3. The Canadians, pre-spotted for your convenience. As often happens, though not always, young Canadians are on the shows that have been produced in Canada over the past few decades while older Canadians came to the States and worked here. Alex Ferris and Rachel Skarsten have credit lists that make their nationality clear, Scott Bairstow and Mark Caven, not so much.

Many happy returns to all the living on the list and to the dead, thanks for all the memories.

Predictor: Lewis Mumford (1895-1990), cultural critic, quoted in 1932

Prediction: “[By 1982] Australia will be abandoned to the Japanese by its white inhabitants, who will return to an England capable of supporting by agriculture almost double its present population.”

Reality: Mumford was a cranky bastard who particularly hated cars and what they did to cities. While I guess he should get some small credit for that now, he was absolutely wrong about Australians giving up and equally wrong about the population of England, which grew by 25% from 1932 to 1982, not 100%.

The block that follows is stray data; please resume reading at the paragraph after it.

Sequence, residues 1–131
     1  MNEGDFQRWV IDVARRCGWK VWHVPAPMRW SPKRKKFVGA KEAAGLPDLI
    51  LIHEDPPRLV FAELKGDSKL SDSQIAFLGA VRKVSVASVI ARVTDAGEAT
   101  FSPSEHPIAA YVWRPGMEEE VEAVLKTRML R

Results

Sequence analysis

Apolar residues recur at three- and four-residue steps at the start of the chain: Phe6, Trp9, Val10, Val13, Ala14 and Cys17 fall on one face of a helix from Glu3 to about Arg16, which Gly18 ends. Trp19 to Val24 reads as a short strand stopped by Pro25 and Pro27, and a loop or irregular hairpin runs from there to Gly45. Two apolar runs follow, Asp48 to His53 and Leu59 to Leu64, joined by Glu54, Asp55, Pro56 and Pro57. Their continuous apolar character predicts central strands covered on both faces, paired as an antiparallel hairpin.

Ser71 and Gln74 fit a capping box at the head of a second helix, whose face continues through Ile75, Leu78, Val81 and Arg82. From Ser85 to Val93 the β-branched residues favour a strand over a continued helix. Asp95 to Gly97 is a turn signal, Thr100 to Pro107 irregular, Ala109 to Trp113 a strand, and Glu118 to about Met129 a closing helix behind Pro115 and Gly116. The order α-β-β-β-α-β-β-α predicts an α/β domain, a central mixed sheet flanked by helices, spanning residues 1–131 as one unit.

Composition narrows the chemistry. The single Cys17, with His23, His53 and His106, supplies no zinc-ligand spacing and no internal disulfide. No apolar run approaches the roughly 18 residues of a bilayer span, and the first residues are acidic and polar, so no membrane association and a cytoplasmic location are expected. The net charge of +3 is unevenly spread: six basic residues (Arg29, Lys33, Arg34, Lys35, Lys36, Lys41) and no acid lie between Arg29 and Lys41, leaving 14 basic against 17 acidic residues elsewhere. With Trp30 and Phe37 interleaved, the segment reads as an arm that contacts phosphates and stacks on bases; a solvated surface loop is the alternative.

Looking one day ahead... INTO THE FUTURE!

The regular schedule gives us H.G. Wells on Fridays.

Join us then... IN THE FUTURE!



  1. Douglas Adams would have had the exodus go in the other direction.

  2. Is it OK if I also consider your picture slot choice to be subtle and sly recognition of the fact that I am currently in St. Louis at the FIRST Robotics Championship with the little scrappy Robotics team that I mentor?